Christian Herrmann

Conference on inclusion in German-Greek youth exchanges: Highlighting the benefits of diversity

German-Greek youth exchanges have been given more priority in recent years. To ensure that quality corresponds to quantity, the Federal Youth Ministry and IJAB organise regular expert conferences. The latest event took place on 9 and 10 November, with providers of youth exchanges between Germany and Greece discussing how young people with a disability, too, can benefit from the exchanges. What ideas did they come up with in regard to inclusion?

BildImage: ijab | Christian Herrmann

Good news for everyone working on German-Greek youth exchanges! In her welcoming address, Dorothee Jäckering from the Federal Youth Ministry reminded the participants of the conference of the great significance the Federal Government attaches to youth exchanges between Germany and Greece. Thanks to a special programme, around 200 projects have received funding since 2016. Youth forums and specialist conferences are organised to promote a dialogue between experts. And finally, in July 2017 an agreement was signed by representatives of the youth ministries of Germany and Greece that paves the way towards establishing a German-Greek Youth Office . But what does all this have to do with inclusion? “The UN Convention on the Rights of Persons with Disabilities, which Germany has signed, calls for all people to participate equitably in society. The 15th Child and Youth Report  defines the right to inclusion as an important social challenge for the child and youth work field. International youth work organisations also need to take a stance on this,” said Jäckering. The organisations involved in German-Greek exchanges are very interested in inclusion, as demonstrated by the inclusive exchanges that the German Association of Guides and Scouts organises on Corfu, or the inclusive art project “Die Maske” (The Mask) by PERPATO, an association from Komotini.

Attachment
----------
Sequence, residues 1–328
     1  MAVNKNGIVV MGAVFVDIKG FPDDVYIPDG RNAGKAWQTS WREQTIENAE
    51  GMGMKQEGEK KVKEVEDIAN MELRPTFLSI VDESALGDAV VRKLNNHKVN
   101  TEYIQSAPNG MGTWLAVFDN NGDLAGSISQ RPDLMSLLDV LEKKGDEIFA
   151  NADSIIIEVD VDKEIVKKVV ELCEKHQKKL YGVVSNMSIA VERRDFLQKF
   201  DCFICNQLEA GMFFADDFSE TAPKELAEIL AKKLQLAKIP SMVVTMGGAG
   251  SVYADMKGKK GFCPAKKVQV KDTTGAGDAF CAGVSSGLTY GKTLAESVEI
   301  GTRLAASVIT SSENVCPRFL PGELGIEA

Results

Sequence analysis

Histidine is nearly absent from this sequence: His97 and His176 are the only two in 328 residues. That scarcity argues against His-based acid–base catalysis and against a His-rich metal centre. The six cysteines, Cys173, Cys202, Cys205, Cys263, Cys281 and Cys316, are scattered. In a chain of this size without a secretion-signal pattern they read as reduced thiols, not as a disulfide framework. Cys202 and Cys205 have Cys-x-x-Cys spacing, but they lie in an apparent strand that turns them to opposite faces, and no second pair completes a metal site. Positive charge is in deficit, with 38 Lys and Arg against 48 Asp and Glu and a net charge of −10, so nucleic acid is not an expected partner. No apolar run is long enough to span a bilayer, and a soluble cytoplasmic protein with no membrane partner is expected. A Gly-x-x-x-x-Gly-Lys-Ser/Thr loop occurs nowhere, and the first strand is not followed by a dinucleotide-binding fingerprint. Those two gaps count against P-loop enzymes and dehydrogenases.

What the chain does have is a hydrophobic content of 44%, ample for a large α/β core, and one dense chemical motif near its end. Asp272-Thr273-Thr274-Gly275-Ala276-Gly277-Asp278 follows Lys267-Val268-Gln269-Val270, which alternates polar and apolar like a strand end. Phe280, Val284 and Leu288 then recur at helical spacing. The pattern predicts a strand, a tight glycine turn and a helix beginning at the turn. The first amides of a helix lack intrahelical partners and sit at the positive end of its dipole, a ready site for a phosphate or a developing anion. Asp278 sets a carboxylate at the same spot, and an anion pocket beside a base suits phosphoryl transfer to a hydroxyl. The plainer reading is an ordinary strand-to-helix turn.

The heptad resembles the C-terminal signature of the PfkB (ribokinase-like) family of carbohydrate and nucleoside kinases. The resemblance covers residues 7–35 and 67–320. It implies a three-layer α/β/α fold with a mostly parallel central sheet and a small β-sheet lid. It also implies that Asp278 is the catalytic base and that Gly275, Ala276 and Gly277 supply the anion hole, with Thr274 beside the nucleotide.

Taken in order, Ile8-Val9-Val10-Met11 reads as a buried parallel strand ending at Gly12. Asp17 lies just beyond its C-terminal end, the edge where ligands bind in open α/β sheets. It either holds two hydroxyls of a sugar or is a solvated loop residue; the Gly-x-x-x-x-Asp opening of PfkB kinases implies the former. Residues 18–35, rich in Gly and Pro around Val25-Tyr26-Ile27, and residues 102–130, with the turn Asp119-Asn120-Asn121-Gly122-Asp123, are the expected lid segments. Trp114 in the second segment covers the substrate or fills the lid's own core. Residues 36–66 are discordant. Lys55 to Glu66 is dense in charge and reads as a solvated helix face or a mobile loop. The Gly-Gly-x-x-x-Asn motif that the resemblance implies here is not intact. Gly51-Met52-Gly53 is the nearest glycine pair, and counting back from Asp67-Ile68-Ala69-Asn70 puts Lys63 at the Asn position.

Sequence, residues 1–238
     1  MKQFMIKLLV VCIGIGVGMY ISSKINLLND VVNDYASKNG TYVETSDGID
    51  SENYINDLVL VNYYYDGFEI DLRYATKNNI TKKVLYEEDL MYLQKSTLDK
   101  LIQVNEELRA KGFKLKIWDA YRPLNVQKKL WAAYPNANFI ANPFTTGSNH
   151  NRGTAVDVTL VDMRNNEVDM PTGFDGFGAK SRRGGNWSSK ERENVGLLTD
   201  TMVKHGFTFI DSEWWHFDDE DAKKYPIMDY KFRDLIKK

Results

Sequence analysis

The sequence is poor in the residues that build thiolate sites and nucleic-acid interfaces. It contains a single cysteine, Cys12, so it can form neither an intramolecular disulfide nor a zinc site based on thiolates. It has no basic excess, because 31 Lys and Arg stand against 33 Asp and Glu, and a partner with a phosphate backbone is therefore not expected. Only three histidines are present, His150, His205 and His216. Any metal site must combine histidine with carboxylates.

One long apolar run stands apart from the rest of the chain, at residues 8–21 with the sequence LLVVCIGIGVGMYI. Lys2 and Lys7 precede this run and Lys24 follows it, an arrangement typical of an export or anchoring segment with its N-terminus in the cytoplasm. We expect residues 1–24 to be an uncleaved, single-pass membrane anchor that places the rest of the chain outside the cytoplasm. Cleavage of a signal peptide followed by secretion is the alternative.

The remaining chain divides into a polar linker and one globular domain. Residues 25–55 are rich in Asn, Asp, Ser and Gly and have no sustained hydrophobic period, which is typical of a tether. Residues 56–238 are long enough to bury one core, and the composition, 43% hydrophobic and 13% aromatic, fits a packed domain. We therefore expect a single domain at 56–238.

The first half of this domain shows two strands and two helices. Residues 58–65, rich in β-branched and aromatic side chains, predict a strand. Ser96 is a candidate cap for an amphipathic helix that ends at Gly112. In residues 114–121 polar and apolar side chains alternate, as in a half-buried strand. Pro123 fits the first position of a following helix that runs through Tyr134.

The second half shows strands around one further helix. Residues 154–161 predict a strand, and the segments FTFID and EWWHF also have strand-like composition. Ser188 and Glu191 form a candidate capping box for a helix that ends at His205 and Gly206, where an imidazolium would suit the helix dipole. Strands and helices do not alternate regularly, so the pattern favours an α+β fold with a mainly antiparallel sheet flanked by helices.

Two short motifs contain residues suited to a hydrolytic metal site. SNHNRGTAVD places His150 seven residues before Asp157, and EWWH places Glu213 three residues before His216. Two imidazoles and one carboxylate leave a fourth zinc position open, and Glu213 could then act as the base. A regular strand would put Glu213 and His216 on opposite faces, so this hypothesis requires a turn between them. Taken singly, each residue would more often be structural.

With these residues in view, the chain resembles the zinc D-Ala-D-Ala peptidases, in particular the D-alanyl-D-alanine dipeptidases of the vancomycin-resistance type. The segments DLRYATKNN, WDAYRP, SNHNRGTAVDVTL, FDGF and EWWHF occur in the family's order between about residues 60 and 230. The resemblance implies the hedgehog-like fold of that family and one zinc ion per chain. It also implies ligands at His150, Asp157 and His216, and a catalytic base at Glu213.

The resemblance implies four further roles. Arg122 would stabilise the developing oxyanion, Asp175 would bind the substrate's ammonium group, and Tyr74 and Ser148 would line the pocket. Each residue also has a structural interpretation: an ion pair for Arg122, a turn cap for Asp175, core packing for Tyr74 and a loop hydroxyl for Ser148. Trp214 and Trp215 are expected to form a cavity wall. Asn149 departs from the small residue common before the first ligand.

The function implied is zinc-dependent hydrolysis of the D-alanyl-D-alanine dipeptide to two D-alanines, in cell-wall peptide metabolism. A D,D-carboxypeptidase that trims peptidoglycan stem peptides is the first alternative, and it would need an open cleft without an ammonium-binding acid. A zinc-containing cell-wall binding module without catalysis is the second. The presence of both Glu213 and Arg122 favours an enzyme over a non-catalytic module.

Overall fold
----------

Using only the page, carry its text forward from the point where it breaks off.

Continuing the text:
Inclusive cultures, structures and practices

And why was Bayreuth chosen as the venue of the conference? Gerhard Koller from the Bavarian chapter of the German Youth Hostel Association was proud to present the accessible youth hostel in Bayreuth, which only just opened this summer. The new building shows that inclusion is hardly a fringe issue. With a sophisticated architectural design and inclusive concept, the Youth Hostel Association competed for – and won – the right to build the hostel on the site in question.

Ulrike Werner is well aware of the topicality of the issue. She is the coordinator of the IJAB project VISION:INKLUSION and has advised various international youth work organisations on developing an inclusion strategy. It incorporates a model for planning processes that is designed to help create inclusive cultures, structures and practices – almost like a quality development process that analyses recurrent problems to bring about change and to review and improve the existing situation. The new strategy for inclusive international youth work will be unveiled towards the end of the year. In 2018, VISION:INKLUSION will assist additional organisations in implementing the strategy, also through an international dialogue. “There’s no such thing as perfect inclusion, because the factors that have to be considered are far too diverse,” explained Ulrike Werner during her presentation on the strategy. “What we need is an ongoing process of improvement.”

Different debates in Germany, Greece and Europe

At the European level, inclusion is hardly a new subject. Christof Kriege, inclusion officer at JUGEND für Europa, reminded participants that “inclusion is as old as the youth promotion system in Europe, which began in 1989.” The European definition of inclusion is broader than the one customarily used in Germany. In Germany, the term is used to refer mainly to young people with disabilities; by contrast, in 2006 Europe coined the phrase “young people with fewer opportunities” which is taken to mean a larger group. According to Kriege, the breakthrough for inclusion came when the Inclusion and Diversity Strategy  was published in 2014. Yet even so, as Kriege explained, there are discrepancies when it comes to the way the term is used across Europe. In order to describe who these “young people with fewer opportunities” are, he said, the European Commission puts them into categories. “But we don’t want to work with positive discrimination,” Kriege said. “Rather, we want to highlight the benefits of diversity.”